I experienced Nori's classic trick of following right on the back wheel many times and I could hear his bike louder than mine. I felt as if I was closer to his engine than mine! You often thought he might clip someone but he never did.

Going into MotoGP and from a pure talent point of view I've never seen anyone ride a bike like Casey Stoner. What he could do on a bike was perhaps one step up again from Nori. It didn't matter if the bike was good, bad or indifferent, he just got on and did it. It was special just to see how he rode.
How about riders you had difficulties with?

Chris Vermeulen:
I didn't really have difficulties with anyone but when I first came into WSS at the back of the field there were too many guys trying to make a name for themselves and they could ride a bit too hard. Once you get at the pointy end though that was left behind. Most guys know that if they're hard on you then you're going to be hard straight back so it's not usually a problem.

I think the rider who rode the hardest against me and stayed fair most of the time was James Toseland. When he went past he didn't leave you an inch. Other riders might have left a bit more room but James rode that way and you could be exactly the same back to him because he expected it. He could give it and take it and I really enjoyed our battles, I think you could say he was hard but fair.

All riders have their different styles and to beat the rider you always had to take their style into account.
Coming back to your injury problems, do you think there's pressure to come back to racing too early?

Chris Vermeulen:
From my point of view I didn't have any pressure from my team and Kawasaki were very good and certainly weren't forcing me back. The motivation for coming back was all mine. I wanted to come back straight after the injury because I didn't really have enough knowledge about it. I knew I had a lot of pain but didn't really understand the extent of the injury.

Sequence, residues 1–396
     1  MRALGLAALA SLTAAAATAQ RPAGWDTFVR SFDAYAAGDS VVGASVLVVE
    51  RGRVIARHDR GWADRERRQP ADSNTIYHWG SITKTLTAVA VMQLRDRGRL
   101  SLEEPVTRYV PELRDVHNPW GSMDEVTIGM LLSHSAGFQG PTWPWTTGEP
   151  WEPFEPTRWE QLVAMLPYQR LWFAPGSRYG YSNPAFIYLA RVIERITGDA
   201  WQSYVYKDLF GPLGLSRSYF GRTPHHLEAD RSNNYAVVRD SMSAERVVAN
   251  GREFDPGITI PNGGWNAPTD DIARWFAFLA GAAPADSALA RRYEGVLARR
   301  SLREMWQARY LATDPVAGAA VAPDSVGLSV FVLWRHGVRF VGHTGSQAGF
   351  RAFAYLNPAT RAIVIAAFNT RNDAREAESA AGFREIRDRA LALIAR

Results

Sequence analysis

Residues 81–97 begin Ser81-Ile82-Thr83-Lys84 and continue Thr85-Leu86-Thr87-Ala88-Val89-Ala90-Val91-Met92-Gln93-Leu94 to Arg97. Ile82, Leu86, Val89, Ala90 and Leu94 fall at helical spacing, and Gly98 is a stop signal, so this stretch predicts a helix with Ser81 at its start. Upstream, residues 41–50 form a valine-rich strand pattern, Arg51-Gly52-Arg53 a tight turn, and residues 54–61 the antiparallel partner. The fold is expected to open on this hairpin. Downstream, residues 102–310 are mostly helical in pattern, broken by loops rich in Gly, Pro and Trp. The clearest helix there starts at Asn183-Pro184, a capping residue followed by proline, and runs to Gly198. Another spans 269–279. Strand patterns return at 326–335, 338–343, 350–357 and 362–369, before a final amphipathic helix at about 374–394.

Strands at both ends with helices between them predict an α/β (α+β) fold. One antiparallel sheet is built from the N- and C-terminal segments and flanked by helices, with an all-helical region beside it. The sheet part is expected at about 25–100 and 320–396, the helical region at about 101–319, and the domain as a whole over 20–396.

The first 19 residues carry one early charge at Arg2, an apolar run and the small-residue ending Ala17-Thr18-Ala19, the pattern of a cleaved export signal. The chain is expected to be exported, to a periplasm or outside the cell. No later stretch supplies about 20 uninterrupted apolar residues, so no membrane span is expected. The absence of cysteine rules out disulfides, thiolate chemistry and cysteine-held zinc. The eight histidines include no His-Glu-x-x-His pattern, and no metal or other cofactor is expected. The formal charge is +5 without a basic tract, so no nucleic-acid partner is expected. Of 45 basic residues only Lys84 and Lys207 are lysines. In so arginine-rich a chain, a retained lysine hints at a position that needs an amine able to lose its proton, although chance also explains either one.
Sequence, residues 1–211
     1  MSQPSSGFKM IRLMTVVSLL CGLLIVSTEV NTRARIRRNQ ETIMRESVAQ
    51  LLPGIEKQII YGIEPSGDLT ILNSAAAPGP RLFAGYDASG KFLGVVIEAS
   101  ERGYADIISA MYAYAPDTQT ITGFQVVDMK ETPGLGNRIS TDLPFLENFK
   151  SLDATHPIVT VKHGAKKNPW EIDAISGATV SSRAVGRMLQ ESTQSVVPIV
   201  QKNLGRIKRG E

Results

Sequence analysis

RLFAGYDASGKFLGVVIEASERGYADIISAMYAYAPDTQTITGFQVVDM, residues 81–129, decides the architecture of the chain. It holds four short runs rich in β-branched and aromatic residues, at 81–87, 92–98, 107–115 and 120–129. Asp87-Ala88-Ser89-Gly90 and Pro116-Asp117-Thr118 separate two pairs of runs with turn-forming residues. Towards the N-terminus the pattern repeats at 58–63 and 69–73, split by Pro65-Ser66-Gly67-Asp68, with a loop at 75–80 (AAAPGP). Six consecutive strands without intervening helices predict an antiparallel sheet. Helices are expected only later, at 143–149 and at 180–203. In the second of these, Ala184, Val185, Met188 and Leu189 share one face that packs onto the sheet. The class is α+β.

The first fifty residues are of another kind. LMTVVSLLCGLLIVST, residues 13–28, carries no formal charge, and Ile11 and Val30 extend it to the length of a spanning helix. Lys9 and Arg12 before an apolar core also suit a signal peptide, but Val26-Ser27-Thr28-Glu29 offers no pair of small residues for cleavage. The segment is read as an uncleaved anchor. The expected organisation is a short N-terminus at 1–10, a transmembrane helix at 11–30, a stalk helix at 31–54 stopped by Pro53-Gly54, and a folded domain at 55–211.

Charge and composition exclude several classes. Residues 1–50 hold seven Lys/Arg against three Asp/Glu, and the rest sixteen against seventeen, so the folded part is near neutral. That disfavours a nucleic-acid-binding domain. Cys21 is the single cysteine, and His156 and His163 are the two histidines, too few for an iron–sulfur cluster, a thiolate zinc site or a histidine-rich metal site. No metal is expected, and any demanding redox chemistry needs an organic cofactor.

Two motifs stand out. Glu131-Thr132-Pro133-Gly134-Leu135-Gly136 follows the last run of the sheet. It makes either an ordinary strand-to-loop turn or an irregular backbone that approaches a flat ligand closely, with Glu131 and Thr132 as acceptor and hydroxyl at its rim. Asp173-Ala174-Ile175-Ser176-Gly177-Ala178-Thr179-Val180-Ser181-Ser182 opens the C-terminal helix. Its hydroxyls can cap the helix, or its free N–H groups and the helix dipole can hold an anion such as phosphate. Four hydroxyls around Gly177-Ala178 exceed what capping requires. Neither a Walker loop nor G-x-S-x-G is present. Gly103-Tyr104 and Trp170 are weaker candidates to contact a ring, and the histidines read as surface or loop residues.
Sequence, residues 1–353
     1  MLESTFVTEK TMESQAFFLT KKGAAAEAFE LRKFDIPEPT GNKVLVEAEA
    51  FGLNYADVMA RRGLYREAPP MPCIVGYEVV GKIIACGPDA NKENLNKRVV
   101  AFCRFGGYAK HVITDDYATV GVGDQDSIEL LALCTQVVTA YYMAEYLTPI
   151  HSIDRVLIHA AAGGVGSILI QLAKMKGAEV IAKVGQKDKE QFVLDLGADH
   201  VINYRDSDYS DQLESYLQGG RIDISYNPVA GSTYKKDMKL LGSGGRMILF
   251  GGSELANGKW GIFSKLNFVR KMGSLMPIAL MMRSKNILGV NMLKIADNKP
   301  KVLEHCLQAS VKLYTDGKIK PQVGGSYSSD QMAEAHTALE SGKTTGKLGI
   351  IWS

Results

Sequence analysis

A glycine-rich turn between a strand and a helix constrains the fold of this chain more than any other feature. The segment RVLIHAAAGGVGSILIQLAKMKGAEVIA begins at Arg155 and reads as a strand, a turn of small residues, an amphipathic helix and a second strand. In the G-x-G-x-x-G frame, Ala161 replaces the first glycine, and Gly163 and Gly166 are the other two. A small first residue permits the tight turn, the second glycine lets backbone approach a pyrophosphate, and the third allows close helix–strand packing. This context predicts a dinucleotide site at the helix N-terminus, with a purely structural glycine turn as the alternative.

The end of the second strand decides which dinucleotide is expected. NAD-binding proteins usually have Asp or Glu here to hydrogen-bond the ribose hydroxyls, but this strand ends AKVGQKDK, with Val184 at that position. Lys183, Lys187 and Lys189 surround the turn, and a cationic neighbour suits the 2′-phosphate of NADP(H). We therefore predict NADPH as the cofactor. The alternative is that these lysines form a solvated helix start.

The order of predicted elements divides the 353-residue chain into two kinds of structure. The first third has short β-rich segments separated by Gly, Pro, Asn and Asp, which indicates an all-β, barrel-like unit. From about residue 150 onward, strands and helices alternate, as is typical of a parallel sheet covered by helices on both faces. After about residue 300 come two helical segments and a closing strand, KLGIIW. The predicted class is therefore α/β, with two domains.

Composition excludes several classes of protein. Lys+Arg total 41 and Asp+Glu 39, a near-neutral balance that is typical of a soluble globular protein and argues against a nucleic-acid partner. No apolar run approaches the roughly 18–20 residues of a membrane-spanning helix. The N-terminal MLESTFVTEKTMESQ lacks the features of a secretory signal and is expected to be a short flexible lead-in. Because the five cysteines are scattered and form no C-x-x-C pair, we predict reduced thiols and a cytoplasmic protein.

The problem was that I was so keen not to miss any races. That was so important so as to develop that bike as well. With hindsight if I'd come back a bit later I could have come back stronger, sooner.

After my major surgery the team were saying that I didn't have to come back to test in Malaysia but I flew over anyway to try. After eight laps on the bike my knee swelled up and I was in quite some pain and maybe I shouldn't have done that. When you're racing at that level though you can't give an inch to anyone and sometimes have to make decisions that in retrospect seem a bit too extreme.

It was my fault for coming back too early and if I hadn't there might have been a different outcome, I don't regret that decision but I have learnt from it for my life in general.
Have you made enough in your racing career to be financially secure now?

Chris Vermeulen:
I guess you could say yes though it depends on your lifestyle. Toni and I like to live pretty simply if you don't count the elaborate toys I've got in the garage so we should be able to manage.

I've also got some business interest such as the dealerships and some commercial properties which not only keep me busy but also generate a reasonable income. From that point of view racing certainly set me up and when I was winning I was paid quite handsomely for doing so that's for sure.
Which bike class do you think provides the best racing and entertainment?

Chris Vermeulen:
From a pure racing point of view WSBK is in a different class to MotoGP though when you look at the smaller classes like Moto2 and Moto3 they give some great racing too.